In accordance with Newton's law of action and reaction, the helicopter fuselage tends to rotate in the direction opposite
to the rotor blades . This effect is called torque . Torque must be counteracted and controlled to make flight is possible .
Compensation for torque in a single main rotor helicopter is accomplished by means of a variable pitch antitorque rotor (tail rotor)
located on the end of the tail boom extension at the rear of fuselage.
Heading Control : In addition to counteracted torque, the tail rotor and its control linkage also permit control of the helicopter heading
during flight . Application of more control than is necessary to counteract torque will cause the nose of helicopter to turn in the
direction of pedal movement.
In forward flight , the pedals are not used to control the heading of the helicopter (except during portions of crosswind takeoff and approach).
They are used to compensate for torque to put the helicopter in longitudinal trim so that coordinated flight can be maintained.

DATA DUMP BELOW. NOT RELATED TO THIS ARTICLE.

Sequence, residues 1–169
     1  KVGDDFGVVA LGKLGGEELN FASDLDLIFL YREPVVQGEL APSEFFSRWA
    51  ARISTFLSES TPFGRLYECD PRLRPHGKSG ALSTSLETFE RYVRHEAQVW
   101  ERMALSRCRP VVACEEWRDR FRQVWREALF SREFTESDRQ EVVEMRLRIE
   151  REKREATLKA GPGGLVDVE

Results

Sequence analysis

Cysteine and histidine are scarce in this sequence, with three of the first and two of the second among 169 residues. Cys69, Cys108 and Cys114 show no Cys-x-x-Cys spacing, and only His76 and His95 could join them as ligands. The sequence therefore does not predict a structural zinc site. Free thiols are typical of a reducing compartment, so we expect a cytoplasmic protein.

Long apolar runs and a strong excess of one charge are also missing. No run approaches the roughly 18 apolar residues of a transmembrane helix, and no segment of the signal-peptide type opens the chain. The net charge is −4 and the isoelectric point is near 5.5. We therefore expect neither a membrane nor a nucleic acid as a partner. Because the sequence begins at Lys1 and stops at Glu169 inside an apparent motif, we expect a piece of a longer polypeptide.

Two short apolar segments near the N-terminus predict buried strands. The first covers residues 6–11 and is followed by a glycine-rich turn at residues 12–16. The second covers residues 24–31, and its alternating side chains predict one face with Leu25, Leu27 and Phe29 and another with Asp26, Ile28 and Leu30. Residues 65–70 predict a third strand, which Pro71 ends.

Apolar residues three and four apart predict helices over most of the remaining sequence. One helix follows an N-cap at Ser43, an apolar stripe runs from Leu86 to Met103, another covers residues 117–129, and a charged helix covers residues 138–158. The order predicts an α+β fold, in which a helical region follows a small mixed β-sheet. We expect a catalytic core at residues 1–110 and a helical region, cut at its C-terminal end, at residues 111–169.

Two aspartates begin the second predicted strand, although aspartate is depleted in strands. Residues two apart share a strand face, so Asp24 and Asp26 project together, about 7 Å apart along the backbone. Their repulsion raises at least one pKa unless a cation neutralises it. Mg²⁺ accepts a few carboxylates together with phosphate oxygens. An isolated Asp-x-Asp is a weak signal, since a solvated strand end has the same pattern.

The thrust of the tail rotor is depend upon the pitch angle of the tail rotor blades. The tail rotor may have a positive pitch angle or it may have a negative pitch angle which
to push the tail to the right or pull the tail to the left.
With the right pedal pressed or moved forward of the neutral position will cause the tail rotor blades to change the pitch angle and the nose of helicopter will yaw to the right .
With the left pedal pressed or moved forward of the neutral position will cause the tail rotor blades to change the pitch angle opposite to the right pedal and
the nose of helicopter will yaw to the left.